In my post about Hashlife I said that calc1() "is not memoized, but instead relies on calc2() for efficiency". This is wrong.

[calc1() is the function that calculates an arbitrary number of generations into the future; calc2() is the function that calculates 2^(n-2) generations into the future for a square 2^n cells on a side, and its result is cached in the main quadtree.]

Calculating Life efficiently requires skipping over the easy bits as fast as possible, which in most implementations is blank space, but in Hashlife it ought to include any other kind of previously-computed space too. However calc1() can only skip large amounts of space if it is also skipping large amounts of time - a multiple of a large power of two, to be exact. This means that if you are single-stepping, my Hashlife code would separately examine every 4x4 square in the universe. This is particularly dumb when there is inevitably lots of blank space around the edges.

The solution is to memoize the calculation for arbitrary numbers of generations (or at least for 1 <= g <= n^(n-2) for squares 2^n on a side). If you do that, it no longer makes sense to store the result pointers in the squares themselves: instead, bung them all in another hash table that is indexed by the pair of a square and a generation count. Having done that, it also makes sense to evict the population counts from the squares into a third hash table, since they are rarely needed so just waste memory.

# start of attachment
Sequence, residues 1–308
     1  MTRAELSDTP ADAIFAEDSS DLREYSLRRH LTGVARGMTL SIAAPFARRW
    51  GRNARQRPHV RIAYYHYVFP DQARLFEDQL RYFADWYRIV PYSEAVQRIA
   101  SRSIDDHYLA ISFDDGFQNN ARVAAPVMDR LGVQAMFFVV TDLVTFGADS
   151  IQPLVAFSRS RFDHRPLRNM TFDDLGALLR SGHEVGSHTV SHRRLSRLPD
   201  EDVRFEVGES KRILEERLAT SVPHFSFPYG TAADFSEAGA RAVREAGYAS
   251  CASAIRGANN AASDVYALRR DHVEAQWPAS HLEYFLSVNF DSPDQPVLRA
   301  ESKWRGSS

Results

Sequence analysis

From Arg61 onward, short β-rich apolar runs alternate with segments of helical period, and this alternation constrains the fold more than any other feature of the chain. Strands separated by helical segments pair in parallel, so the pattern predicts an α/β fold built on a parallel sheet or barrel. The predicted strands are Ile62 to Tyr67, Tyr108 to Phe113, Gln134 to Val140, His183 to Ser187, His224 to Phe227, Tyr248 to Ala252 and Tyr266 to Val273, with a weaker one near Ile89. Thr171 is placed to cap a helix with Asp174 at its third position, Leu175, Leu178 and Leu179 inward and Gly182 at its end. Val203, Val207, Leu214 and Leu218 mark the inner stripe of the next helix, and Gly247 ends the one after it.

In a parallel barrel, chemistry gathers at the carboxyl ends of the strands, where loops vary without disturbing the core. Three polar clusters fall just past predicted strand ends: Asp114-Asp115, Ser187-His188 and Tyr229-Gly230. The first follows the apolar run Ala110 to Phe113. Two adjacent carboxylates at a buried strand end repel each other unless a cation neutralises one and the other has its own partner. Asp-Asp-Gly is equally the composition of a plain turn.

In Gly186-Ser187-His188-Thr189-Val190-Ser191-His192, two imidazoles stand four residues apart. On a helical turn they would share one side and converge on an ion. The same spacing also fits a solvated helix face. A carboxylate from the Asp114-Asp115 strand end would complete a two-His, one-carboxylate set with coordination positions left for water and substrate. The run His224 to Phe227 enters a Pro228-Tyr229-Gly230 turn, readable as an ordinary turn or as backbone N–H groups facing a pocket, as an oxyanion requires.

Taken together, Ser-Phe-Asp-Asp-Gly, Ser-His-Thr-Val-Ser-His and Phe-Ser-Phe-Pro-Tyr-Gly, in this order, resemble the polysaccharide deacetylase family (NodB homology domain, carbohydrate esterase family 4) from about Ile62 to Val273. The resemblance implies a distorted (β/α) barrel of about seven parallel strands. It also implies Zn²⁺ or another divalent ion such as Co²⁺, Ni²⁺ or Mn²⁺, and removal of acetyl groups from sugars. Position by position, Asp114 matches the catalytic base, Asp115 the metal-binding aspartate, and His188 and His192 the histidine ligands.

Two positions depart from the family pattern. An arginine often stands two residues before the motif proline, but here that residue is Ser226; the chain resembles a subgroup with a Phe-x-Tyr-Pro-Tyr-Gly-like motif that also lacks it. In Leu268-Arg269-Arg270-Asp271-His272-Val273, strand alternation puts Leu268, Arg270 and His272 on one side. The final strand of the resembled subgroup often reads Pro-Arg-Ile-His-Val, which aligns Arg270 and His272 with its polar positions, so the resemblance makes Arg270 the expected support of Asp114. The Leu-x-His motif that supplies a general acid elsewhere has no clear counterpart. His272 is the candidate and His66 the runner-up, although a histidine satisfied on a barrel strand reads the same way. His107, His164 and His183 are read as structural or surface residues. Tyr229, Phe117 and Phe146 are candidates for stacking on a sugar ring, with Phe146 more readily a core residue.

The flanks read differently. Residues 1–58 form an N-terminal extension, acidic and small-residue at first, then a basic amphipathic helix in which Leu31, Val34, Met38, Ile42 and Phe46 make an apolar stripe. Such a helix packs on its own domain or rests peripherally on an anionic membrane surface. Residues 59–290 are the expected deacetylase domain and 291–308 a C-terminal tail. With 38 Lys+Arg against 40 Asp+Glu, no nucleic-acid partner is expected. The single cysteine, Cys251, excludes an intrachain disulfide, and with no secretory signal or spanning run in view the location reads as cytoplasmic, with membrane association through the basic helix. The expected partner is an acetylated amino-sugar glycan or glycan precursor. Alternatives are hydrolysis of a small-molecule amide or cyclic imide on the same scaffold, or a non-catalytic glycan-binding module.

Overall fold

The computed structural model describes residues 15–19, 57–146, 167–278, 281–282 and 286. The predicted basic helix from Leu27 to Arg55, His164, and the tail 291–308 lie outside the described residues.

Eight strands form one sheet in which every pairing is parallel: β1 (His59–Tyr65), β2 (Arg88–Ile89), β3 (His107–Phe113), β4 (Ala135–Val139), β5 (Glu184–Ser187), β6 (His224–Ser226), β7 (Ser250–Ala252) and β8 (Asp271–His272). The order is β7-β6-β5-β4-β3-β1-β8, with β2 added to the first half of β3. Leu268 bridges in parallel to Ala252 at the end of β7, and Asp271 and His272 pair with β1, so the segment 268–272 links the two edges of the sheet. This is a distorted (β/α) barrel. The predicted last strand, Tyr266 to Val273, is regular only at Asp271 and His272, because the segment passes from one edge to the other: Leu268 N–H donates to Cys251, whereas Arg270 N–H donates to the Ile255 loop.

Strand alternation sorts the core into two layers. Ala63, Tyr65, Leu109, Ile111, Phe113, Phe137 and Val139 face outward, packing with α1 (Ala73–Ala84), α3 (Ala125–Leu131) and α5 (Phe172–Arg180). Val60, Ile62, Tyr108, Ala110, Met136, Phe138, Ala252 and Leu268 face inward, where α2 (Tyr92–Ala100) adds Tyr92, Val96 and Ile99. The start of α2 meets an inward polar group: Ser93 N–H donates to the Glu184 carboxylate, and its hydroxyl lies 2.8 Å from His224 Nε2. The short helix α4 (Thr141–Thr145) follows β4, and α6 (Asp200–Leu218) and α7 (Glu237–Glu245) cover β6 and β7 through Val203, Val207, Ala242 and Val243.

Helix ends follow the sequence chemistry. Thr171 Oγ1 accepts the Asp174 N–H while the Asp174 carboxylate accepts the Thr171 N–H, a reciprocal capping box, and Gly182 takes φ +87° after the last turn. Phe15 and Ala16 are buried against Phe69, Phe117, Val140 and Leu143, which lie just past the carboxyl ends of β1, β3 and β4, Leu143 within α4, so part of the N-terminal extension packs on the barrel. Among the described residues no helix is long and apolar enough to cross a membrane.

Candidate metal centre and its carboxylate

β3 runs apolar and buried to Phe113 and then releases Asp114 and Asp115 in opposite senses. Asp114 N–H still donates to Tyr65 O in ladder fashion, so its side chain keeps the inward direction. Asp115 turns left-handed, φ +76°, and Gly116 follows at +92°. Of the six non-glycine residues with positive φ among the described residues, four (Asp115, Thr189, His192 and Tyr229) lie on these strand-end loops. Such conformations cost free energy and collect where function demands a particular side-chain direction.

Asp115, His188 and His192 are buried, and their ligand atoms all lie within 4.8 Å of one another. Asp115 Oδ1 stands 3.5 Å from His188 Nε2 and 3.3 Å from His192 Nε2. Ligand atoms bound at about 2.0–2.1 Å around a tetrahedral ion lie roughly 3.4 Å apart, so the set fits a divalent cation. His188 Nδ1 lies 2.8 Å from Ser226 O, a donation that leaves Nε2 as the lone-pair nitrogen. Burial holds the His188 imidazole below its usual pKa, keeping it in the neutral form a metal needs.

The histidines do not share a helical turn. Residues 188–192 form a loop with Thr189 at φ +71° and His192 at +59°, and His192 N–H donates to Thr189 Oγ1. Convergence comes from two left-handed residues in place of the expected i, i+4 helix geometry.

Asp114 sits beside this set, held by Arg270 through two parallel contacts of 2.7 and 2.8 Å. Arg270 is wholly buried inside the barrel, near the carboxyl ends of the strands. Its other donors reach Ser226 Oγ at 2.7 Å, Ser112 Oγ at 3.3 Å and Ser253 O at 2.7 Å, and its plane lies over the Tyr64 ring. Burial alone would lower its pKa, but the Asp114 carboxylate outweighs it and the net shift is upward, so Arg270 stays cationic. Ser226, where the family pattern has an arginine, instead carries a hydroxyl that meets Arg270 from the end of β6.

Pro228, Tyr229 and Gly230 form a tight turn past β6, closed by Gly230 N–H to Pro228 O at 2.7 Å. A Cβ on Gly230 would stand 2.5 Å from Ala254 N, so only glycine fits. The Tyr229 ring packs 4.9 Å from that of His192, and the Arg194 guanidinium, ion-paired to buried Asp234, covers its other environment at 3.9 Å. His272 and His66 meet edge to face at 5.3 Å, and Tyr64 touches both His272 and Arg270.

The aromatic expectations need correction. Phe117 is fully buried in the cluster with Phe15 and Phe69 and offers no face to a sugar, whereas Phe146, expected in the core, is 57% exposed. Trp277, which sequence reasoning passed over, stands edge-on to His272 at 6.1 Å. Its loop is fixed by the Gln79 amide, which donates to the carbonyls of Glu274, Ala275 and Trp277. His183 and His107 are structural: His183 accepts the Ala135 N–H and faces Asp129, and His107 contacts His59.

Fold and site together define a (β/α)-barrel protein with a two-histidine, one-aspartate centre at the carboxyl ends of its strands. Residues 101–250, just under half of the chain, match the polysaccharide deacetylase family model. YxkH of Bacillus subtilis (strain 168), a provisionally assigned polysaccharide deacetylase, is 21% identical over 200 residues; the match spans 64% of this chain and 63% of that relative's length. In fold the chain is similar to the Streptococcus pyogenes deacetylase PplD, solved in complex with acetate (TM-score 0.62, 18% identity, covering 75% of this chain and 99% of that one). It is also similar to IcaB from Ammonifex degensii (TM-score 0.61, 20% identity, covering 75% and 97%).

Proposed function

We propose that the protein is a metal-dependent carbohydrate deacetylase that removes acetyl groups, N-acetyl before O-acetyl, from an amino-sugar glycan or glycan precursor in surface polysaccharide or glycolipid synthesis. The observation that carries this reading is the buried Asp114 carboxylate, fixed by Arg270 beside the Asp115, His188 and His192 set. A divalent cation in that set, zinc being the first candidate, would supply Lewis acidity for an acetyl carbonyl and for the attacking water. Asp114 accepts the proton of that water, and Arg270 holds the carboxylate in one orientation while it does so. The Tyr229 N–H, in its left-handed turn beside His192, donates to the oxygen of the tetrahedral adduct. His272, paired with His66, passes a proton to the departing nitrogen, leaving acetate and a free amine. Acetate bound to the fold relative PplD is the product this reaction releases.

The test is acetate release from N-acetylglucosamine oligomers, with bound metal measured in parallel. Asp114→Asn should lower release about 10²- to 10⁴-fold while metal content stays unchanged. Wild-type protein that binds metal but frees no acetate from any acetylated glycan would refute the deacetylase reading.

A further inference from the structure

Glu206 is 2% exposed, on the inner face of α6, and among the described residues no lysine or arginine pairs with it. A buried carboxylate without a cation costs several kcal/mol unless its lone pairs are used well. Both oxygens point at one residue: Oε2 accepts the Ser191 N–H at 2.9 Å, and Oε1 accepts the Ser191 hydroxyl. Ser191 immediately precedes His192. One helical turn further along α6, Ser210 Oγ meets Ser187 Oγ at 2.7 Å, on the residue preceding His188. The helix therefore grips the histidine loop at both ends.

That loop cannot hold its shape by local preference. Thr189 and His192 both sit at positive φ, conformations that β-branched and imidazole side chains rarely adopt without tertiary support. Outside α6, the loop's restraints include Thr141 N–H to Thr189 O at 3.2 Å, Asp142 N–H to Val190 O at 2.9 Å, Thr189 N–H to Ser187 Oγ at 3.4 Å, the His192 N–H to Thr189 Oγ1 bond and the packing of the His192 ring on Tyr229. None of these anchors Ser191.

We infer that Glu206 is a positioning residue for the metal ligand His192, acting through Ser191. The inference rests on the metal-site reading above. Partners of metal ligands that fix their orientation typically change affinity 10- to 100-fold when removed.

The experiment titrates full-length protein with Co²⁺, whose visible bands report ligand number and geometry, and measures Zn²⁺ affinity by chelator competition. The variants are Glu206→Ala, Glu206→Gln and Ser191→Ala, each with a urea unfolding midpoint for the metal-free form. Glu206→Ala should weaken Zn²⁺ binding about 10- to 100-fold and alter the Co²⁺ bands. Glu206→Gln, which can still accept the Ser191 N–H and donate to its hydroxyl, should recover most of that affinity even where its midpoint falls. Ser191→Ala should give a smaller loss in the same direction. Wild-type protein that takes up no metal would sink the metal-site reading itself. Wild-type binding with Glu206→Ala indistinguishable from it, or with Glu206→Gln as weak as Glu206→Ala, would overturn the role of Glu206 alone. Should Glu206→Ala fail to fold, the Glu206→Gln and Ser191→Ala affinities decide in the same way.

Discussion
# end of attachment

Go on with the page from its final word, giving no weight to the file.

The other Hashlife implementations that I was cribbing off do not have this extra cacheing. I wonder if that is why Hashlife has a poor reputation for efficiency? I'll have to do some more implementation to find out.

While I'm here, I should say that David Bell's equivalent of calc1() is interesting because it only examines the past light cone of the region that is being displayed, which saves working on irrelevant far-away areas - though he spoils it by re-doing the recursion for every pixel to be displayed...